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The prime minister is an optimist!

Jul 15,2019 - Last updated at Jul 15,2019

I was invited to attend, last Sunday, a meeting with Prime Minister Omar Razzaz to discuss various issues of national interest. While Razzaz was not oblivious to the challenges ahead, he seemed optimistic about the future as if things would turn around to the best. 

Razzaz underlined the new methodology in the work of his government. He said that it is the first time a government in Jordan sets goals, benchmarks and timeframes. Perhaps he is right! Whether the first government or not, it is positive to have such an official mindset. And yet, what is more important is delivery. And this raises the question whether the optimism on the part of Razzaz is not misplaced. The economic figures are not good. Unemployment is still at 19 per cent while poverty is at 15 per cent, according to official figures. Reality may even be worse. While his blame to regional and international factors starting from the financial meltdown in 2008 is warranted, the prime minster glossed over the official mismanagement of the national economy and the failure to fight corruption.

To his credit, the prime minister was a good listener. Unlike many previous prime ministers, he listened to our comments with interest and tried his best to respond to each one of them. That being said, I was not convinced by his response with regard to higher education. Of course, I disagree with those who paint the sector as nothing but a failure. Once, higher education was the hallmark of national success. However, we have to admit that it is not without defects. More importantly, these defects and imperfections are due to official policy and the mechanism of hiring presidents, deans and professors at universities.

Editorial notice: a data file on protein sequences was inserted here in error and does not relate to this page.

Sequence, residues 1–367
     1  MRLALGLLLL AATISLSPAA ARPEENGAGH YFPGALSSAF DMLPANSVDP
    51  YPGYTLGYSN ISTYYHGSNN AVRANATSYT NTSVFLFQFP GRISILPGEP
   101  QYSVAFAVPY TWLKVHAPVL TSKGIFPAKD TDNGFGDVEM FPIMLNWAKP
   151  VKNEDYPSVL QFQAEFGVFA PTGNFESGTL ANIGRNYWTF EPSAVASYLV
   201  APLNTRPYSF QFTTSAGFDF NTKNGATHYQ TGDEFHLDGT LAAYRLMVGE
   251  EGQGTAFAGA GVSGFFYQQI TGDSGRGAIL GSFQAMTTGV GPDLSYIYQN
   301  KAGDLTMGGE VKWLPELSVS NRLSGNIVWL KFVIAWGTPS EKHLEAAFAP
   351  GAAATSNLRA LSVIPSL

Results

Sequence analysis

This mechanism is marred with official interference, nepotism and cliques. For instance, I cannot understand how a dean with zero knowledge of English could be hired to preside over a school that offers two-thirds of its programmes in English! I was told that he was appointed because it was the turn of that particular geographical area! By the same token, a certain university hired a professor to teach subjects related to national education. The university offers all courses in English, but the newly-appointed professor told them that because he cannot teach in English he will use Arabic in class. Shockingly, the president of that university agreed! The problem with higher education is many of those in charge at universities — at various levels — develop vested interests to keep the status quo lest they lose their positions. Those people are quick to accuse critics of being emotional and sceptic. Of course, the list of criticisms of higher education is too long to be talked about in an article.

The soft-spoken prime minister agreed with the points I raised on higher education. Besides, he maintained repeating the mantra that education is the key but without telling us if the government was going to take this as a priority. In a word, I like to be optimistic, but this should not substitute hard work.

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